FIGS. 5 and 6 show an advantageous design for this type of upper cover panel 21. First, in correspondence with the difference in their functions, the utility surface 25 will be designed differently from the other, decorative surface 24, i.e., the surface which is visible when the panel is in the up position 20.1. The utility surface 25 will be made especially strong to withstand the mechanical stresses exerted on it by the cargo. The decorative surface 24, however, will be designed to match the style of its surroundings. For the previously mentioned good damping function of the upper cover panel 21, it is recommended that a multi-layer design be used, which is illustrated with particular clarity in FIG. 6. A laminate 50 made up of several layers 51-54 is present here. The uppermost layer 51 represents the utility surface 25 and consists of, for example, a scratch-resistant material. Then comes a support layer 52, which is designed to provide dimensional stability. This is followed by an upholstery layer 53 of foam, etc., which is followed finally by a decorative layer 54. This decorative layer 54 can advantageously be wrapped around the edges to conceal the lateral edges 38 of the upper cover panel 21 and extend all the way to the uppermost layer 51 forming the utility surface 25.
To increase the effectiveness of the damping, both the upholstery layer 53 and also the support layer 52 can themselves be divided into several sub-layers. Knowledge of the principles by which acoustic elements are designed will be helpful here. Various functional parts which must be accessible from the utility surface 25 can be integrated into the uppermost layer 51. Such functional parts could include friction strips for holding the cargo, tie-down rings for securing the cargo, and handles for folding the upper cover panel up and down. In the latter case, the folding is done by hand. It is obvious that motors could also take over the job of swinging the upper cover panel 21 around the small angle 46 of FIG. 2 or the large angle 47 of FIG. 4. In a similar manner, as previously mentioned, it would also be possible to motorize the job of adjusting the angle of the backrest 12 or of the assembly consisting of the backrest 12 and the upper cover panel 21 according to FIG. 3 around the tilt angle 38, which can be seen in FIG. 3.
For the sake of reducing weight and increasing the dimensional stability, it is recommended that the support layer 52 be provided with a honeycomb structure 48, for example, as can be derived from FIG. 6. In the present case, it is assumed that the intermediate layer 49 is corrugated and is sandwiched between two flat panels 55, 56. The upper panel 55 carries the uppermost layer on which the cargo rests, whereas the lower panel 56 is used to support the layer of upholstery 53.
List of Reference Numbers
seat (FIGS. 1-4)
seat (FIGS. 7, 8)
flat seat part of 10, 10′
backrest of 10, 10′
seating surface of 11
support surface of 12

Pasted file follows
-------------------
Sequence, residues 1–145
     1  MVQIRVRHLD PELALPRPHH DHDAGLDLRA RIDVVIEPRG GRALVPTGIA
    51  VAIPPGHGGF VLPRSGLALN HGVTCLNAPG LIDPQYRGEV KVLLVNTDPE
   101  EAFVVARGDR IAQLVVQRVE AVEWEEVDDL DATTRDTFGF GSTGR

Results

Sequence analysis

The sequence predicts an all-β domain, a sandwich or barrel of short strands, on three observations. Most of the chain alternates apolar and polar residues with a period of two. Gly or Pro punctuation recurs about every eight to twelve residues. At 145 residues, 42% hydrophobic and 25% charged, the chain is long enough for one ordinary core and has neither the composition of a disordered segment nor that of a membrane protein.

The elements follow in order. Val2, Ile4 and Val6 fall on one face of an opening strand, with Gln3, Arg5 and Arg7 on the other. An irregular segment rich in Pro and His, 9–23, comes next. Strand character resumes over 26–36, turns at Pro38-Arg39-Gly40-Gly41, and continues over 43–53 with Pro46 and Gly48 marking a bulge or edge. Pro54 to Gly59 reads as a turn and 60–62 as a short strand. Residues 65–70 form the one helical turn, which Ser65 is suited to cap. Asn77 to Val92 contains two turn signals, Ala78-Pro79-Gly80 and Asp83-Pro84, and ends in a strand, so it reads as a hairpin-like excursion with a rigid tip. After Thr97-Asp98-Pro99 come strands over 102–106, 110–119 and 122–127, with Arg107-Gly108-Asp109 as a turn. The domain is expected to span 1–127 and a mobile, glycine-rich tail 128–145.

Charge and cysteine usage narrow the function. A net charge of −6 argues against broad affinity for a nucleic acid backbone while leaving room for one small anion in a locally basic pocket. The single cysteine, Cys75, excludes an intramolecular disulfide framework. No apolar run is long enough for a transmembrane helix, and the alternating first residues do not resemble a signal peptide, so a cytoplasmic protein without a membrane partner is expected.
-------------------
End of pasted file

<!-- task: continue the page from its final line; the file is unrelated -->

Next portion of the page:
floor of vehicle
cover of 16
interior shoulder in 16 for 17
rear surface of 12
structural unit consisting of 10, 21 (FIGS. 1-4)
structural unit consisting of 10′, 21′ (FIGS. 7, 8)
upper cover panel (FIGS. 1-4)
upper cover panel (FIGS. 7, 8)
up position of 21 on 12 (FIGS. 1, 3)
down position of 21 with respect to 12 (FIGS. 2, 4)
down position of 21′ with respect to 12 (FIG. 7)
down position of 21′ with respect to 12 (FIG. 7)
hinge between 12 and 21, and between 12 and 21′
horizontal fold axis of 22 for 21 (FIG. 5)
decorative surface of 21
utility surface of 21
forward sub-panel of 21′ (FIG. 7)
rear sub-panel of 21′ (FIG. 7)
support shoulder for 21 (FIG. 2)
auxiliary hinge between 26 and 27 (FIGS. 7, 8)
retaining means for 21 on 12 (FIG. 1)
joint fitting between 12, 11 (FIG. 3)
joint axis of 31
handle for 31
panel package consisting of 26, 27 in the folded
position (FIG. 8)
latching means between 21 and 28 (FIG. 4)
bottom surface of 26 (FIG. 7)
bottom surface of 27 (FIG. 7)
side area of 21 (FIG. 6)
tilt angle of 12 or of 12, 21 (FIG. 3)
single large storage space
upper level of 40
lower level of 40
depth of well
maximum load height
single large cargo surface (FIG. 4)
small fold angle of 21 (FIG. 2)
large fold angle of 21 (FIG. 4)
honeycomb structure of 52 (FIG. 6)
corrugated intermediate layer of 51 (FIG. 6)
laminate for 21 (FIG. 6)
uppermost layer of 25 (FIG. 6)
support layer (FIG. 6)
upholstery layer (FIG. 6)
decorative layer (FIG. 6)
upper panel of 51 (FIG. 6)
lower panel of 51 (FIG. 6)
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|US8720821||Oct 18, 2012||May 13, 2014||Virgin Atlantic Airways Limited||Seating system and passenger accommodation unit for a vehicle|
|US20080100082 *||Jan 10, 2007||May 1, 2008||Gyeong Hoon Heo||Floor panel having a reinforcing structure in a vehicle|
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|US20150061328 *||Aug 26, 2014||Mar 5, 2015||Zim Flugsitz Gmbh||Aircraft passenger seat|
|U.S. Classification||296/24.4, 160/226, 296/37.16, 296/69|
|International Classification||B60R5/04, B60N2/36, B60N2/30, B60N2/20|
|Cooperative Classification||B60N2002/363, B60N2205/30, B60N2/20, B60N2/3011, B60R5/04, B60N2/36|
|European Classification||B60N2/20, B60N2/30B2C2, B60N2/36, B60R5/04|
|Dec 31, 2002||AS||Assignment|
Owner name: JOHANN BORGERS GMBH & CO. KG, GERMANY
Free format text: ASSIGNMENT OF ASSIGNORS INTEREST;ASSIGNOR:MAIBOM, MARK;REEL/FRAME:013793/0896
Effective date: 20021125
|Oct 25, 2007||FPAY||Fee payment|
Year of fee payment: 4
|Sep 20, 2011||FPAY||Fee payment|
Year of fee payment: 8
|Jun 19, 2015||FPAY||Fee payment|
Year of fee payment: 12